What's a surefire way to make me nervous about doing something I haven't had much experience (or no experience) in before? Tell me horror stories. As in, you moved into this neighborhood and your house was burglarized three times in one year. Hearing that makes me think I should never consider moving to that neighborhood. Effective, yes, but I'm at a point in my life where I'd like to hear more stories, and preferably not just the horror stories.
Something that was eating away at me for the past month was whether or not I wanted to get another dog now that Juliet has moved away with Jason. Hearing all sorts of stories about people bringing a new dog home and the dog crapped everywhere, chewed up books and CDs, and made a total mess definitely made me cautious. Moreover, downright fearful because I tend to interpret people's words of caution to really mean something along the lines of, "only do this if you really want to" or "don't do this at all."
Since I've been very close to a dog for the past five years, I'm at a point where I find daily life hard without one. I know what I want and what I don't want, but especially what I don't want. I'd prefer to not have horror stories to tell after having a dog for a while. Well, today was a big test.
Yesterday, I decided to visit a shelter in Fort Worth looking for a certain terrier mix I saw advertised online. Turns out, the dog wasn't there, but there was another one, a beagle mix named Victory, that caught my eye. Her specs sounded promising (house-trained, heartworm negative, and a very friendly dog). So I decided to give her a walk around the kennel. When her collar came loose and she ran a few feet away from me, she was stopped by a large black dog that another prospective adopter had out. This behemoth of a dog started smothering her, but wasn't attacking her per se. Seeing the kind of response she had (stood ground, but did not retaliate viciously) totally sold me on her.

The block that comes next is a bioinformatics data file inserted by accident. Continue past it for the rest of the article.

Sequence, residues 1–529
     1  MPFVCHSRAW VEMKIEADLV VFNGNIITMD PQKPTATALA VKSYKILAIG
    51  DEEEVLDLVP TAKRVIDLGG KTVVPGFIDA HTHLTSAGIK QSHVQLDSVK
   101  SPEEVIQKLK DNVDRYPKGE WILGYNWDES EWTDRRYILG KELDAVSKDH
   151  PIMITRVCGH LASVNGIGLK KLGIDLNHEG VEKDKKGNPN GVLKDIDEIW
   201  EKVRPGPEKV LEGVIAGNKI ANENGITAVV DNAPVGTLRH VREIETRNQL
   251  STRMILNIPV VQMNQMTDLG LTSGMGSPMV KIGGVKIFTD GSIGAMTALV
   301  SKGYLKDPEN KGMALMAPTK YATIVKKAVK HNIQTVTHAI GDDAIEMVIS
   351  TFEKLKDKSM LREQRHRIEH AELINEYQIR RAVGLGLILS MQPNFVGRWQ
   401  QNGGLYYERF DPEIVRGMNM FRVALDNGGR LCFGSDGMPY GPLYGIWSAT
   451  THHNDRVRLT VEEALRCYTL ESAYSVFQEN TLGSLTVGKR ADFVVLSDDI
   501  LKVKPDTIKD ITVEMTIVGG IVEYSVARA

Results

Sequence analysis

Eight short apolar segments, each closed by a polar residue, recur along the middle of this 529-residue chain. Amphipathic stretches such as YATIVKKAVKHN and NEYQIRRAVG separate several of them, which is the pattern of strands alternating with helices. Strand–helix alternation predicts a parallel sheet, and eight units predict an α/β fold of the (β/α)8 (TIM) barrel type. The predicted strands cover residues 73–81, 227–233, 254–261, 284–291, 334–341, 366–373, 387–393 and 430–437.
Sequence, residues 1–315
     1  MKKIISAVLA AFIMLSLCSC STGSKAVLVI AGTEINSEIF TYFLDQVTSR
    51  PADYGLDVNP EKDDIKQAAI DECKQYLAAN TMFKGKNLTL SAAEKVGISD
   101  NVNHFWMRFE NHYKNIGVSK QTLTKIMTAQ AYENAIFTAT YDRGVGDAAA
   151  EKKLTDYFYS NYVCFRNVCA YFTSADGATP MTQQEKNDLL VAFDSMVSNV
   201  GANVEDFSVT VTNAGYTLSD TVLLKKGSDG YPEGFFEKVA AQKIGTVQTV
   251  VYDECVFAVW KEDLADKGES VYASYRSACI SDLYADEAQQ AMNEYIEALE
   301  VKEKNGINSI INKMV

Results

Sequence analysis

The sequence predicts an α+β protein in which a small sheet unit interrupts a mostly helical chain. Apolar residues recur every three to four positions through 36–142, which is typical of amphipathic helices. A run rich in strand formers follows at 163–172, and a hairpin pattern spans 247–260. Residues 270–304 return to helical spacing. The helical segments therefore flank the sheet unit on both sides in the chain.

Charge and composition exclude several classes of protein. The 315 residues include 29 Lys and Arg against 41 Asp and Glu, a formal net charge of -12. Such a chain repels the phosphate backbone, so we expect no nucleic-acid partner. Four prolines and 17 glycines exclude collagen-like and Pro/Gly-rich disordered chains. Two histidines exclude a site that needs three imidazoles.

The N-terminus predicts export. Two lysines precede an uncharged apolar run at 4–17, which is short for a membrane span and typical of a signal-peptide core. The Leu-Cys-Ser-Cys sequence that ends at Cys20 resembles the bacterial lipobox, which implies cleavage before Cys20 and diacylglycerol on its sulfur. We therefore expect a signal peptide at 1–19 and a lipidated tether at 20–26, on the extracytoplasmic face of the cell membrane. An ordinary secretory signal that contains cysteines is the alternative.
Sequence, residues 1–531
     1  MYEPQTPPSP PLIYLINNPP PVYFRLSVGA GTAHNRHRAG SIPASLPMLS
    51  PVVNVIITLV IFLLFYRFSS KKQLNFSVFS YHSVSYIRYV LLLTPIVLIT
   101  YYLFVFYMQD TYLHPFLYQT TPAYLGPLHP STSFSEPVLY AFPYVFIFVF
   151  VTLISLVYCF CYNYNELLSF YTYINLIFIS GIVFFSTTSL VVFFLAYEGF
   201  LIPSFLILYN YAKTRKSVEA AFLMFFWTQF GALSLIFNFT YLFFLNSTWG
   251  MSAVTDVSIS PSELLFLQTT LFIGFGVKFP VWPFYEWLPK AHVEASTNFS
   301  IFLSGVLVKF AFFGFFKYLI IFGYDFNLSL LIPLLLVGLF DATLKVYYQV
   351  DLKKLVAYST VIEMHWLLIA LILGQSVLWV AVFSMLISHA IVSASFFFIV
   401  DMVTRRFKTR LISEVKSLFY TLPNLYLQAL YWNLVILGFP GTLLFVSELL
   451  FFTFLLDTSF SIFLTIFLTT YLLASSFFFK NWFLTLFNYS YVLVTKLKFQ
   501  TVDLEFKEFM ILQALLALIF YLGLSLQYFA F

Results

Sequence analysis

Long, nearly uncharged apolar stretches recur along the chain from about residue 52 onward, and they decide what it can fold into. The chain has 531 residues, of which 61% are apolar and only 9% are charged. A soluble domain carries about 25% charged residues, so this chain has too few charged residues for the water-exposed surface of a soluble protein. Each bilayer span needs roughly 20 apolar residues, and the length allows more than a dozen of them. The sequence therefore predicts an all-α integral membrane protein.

I adopted her and took her home, and everything worked just fine. But the big test was seeing how well she could do when nobody was home. After trying to put her in the Pet Taxi (and hearing her scream bloody murder), I decided to let her roam around the rooms except for the bedrooms and bathrooms. Since I usually side with a terrible possible outcome, I was nervous that she would chew on books and DVDs, pee everywhere, and mess up all this new furniture.
So what did I see this afternoon when I got home? Zero damage and a bouncy dog who was happy to see me and wanted to go outside for a pit stop. Disaster was averted for today, but who knows what tomorrow could bring. But I hope that doesn't come. If it comes, then it comes.
Tying this all together, horror stories are compelling because there's so much drama involved. People are less inclined to tell a non-compelling story when there's little or no drama. I think I should remind myself more that such a large percentage of life involves non-horror stories.